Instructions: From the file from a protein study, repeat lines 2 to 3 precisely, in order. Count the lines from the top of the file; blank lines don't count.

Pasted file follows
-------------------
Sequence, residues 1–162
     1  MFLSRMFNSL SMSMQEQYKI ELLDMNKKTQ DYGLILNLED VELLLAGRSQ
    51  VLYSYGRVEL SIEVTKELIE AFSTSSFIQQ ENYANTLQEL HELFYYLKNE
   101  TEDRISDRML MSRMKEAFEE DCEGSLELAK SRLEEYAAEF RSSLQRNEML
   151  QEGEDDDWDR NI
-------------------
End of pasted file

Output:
     1  MFLSRMFNSL SMSMQEQYKI ELLDMNKKTQ DYGLILNLED VELLLAGRSQ
    51  VLYSYGRVEL SIEVTKELIE AFSTSSFIQQ ENYANTLQEL HELFYYLKNE